A man who is accused of kidnapping and killing a Winter Park caregiver in 2017 took the stand Thursday, in a surprising twist.
Investigators said Scott Nelson kidnapped Jennifer Fulford from a Winter Park home where she worked, killed her and dumped her body in the woods. He wrapped her body in duct tape and tied her wrists and ankles, investigators said.
ORANGE COUNTY, Fla. — Read: 'I'm a serial killer,' says man accused of killing caregiver
Channel 9 reporter Shannon Butler, who is inside the courtroom, tweeted: “When asked about the zip ties and duct tape that he bought, he said ‘never leaves home without it.’”
Nelson blamed his probation officer during his testimony, saying, “Jennifer Fulford would be alive today" if it were not for his probation officer. Butler learned that Nelson had been convicted of six felonies prior to the trial.
Watch Nelson testify in court below:
Nelson also said the federal government and his probation officer, “lit a firecracker, lit a bomb,” and blamed them for losing his job and home.
“I suffered to make my way up the mountain, and this maniac comes in and cuts it out from underneath me. What am I going to do? Get another job and let him do it again? No. We are going fight back,” Nelson said.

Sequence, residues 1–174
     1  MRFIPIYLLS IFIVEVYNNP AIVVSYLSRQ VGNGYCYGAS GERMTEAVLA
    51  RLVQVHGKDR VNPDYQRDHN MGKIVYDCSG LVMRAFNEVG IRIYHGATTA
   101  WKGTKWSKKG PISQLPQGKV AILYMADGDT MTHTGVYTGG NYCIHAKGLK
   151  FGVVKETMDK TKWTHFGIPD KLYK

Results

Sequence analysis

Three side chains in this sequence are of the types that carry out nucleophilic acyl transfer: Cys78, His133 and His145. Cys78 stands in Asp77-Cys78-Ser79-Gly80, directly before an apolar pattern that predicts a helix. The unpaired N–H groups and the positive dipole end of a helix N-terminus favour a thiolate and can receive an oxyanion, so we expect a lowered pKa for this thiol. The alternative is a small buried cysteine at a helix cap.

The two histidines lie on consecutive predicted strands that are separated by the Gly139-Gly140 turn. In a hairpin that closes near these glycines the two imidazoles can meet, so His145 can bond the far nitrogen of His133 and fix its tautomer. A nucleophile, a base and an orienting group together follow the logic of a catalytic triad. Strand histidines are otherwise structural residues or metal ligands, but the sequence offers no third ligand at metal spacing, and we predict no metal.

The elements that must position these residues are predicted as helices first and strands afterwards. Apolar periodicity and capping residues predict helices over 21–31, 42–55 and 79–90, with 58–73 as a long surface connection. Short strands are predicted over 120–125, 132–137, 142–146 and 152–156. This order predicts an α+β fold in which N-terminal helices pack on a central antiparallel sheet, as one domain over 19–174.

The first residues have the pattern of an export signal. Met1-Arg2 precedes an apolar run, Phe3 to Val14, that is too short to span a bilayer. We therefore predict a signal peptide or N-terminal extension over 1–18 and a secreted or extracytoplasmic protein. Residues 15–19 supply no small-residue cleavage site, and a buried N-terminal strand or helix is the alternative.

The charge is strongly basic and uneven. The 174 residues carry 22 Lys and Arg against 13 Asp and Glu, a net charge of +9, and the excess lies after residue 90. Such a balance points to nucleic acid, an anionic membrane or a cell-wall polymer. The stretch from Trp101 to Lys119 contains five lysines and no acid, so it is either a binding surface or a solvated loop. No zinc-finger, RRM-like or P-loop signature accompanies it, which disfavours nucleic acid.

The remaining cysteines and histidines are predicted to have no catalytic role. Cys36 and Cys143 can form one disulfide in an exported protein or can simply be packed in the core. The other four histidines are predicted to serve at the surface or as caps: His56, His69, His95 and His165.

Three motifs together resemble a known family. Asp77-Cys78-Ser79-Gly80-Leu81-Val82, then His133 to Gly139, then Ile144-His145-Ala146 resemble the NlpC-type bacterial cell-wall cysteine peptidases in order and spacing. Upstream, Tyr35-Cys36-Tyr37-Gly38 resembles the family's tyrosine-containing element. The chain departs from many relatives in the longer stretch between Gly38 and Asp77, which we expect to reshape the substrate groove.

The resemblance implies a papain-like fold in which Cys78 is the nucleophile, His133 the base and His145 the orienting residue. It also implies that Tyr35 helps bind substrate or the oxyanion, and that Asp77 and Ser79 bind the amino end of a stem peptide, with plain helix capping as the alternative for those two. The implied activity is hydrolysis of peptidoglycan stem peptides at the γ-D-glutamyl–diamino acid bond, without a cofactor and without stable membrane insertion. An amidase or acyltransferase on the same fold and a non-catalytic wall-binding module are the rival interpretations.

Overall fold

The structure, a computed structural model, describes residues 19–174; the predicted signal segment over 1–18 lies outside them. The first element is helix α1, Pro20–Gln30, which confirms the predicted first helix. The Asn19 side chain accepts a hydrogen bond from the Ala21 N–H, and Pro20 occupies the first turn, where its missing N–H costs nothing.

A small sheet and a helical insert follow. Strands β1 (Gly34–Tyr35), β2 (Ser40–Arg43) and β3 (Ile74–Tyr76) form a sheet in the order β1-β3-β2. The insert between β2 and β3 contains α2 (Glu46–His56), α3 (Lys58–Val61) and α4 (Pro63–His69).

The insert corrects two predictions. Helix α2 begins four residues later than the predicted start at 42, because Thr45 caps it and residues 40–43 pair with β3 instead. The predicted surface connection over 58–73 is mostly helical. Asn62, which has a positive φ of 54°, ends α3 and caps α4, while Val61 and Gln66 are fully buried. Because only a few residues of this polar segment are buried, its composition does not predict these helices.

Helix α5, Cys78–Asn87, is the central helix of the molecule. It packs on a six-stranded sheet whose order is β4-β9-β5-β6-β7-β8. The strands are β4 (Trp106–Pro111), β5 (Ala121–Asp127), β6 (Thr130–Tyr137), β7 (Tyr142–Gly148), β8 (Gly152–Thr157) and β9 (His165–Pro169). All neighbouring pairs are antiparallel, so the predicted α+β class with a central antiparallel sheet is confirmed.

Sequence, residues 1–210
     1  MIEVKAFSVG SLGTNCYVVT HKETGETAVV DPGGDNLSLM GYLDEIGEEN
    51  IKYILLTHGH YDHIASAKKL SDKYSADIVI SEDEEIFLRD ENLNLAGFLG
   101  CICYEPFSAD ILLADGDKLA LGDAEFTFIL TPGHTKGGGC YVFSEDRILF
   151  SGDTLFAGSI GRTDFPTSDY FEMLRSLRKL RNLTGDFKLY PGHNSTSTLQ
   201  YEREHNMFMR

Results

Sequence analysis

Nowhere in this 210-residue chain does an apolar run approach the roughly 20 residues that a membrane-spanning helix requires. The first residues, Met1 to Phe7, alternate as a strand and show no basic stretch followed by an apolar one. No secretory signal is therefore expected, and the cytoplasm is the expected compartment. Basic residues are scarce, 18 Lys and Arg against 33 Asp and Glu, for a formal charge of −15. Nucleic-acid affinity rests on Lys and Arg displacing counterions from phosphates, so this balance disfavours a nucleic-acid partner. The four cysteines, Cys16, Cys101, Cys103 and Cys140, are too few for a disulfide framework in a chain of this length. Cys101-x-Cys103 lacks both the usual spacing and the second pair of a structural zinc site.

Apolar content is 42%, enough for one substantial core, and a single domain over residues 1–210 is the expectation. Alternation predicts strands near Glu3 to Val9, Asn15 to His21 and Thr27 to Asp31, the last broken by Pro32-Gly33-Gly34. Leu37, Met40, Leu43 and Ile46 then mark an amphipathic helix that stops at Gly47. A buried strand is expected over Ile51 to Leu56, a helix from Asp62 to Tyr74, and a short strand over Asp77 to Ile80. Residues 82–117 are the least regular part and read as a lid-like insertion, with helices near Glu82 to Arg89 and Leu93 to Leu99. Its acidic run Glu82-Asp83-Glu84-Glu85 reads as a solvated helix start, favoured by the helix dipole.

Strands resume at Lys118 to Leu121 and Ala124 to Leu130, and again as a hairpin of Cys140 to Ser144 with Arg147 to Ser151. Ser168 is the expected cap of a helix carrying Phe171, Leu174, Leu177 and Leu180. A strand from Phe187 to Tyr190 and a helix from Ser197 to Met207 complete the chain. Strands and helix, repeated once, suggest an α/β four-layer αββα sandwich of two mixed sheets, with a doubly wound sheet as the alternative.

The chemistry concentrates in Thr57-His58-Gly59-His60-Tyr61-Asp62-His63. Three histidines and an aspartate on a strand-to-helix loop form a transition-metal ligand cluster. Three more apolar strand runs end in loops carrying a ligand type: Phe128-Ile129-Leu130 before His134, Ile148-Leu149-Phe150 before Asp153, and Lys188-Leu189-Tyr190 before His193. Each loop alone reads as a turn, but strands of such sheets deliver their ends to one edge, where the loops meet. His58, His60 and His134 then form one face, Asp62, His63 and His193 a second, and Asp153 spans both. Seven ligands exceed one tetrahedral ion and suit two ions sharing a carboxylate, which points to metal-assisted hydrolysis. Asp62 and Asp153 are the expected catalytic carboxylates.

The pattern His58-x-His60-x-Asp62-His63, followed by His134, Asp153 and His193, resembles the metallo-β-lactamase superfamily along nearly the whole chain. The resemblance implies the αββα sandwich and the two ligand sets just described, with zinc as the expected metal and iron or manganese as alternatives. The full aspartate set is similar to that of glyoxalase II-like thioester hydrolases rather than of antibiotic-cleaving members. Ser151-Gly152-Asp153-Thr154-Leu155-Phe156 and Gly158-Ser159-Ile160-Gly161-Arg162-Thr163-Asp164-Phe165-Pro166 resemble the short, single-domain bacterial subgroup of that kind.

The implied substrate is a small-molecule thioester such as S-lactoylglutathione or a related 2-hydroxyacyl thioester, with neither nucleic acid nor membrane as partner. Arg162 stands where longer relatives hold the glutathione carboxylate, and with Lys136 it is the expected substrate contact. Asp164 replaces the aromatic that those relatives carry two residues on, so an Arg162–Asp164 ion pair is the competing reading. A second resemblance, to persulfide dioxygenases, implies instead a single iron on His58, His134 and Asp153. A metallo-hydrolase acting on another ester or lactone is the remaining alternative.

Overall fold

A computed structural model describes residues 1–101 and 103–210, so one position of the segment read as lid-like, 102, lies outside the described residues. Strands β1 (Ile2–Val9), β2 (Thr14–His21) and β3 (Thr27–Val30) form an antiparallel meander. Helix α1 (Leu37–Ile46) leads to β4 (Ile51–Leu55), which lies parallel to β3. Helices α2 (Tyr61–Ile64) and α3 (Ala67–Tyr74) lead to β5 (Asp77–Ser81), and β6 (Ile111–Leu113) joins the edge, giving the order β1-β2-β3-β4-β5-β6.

Nelson also testified he was going to shoot his probation officer, but God was looking out for the officer that day, instead, he decided to use Fulford as "collateral damage."
“They laughed about it after; that is what corrections does. That is what the government does. That's all they have every done to me. They turned me into an animal,” Nelson said.
Nelson also talked about law enforcement officers, saying, "I allowed them to catch me."
Mid-testimony, Nelson became upset, saying he had had enough and was finished answering prosecutor Linda Drain Burdick’s questions. Nelson said his memory was “getting foggy,” and claimed he did not remember stabbing Fulford.
Watch more testimony from Nelson:
A detective in the case testified Wednesday, saying Nelson was helpful in leading authorities to clues.
The jury also heard about the letter Nelson wrote to an Orlando police detective and the state attorney. Investigators said in one of the letters, Nelson gave the detective clues, while he was in jail, on where the detective could find more evidence.
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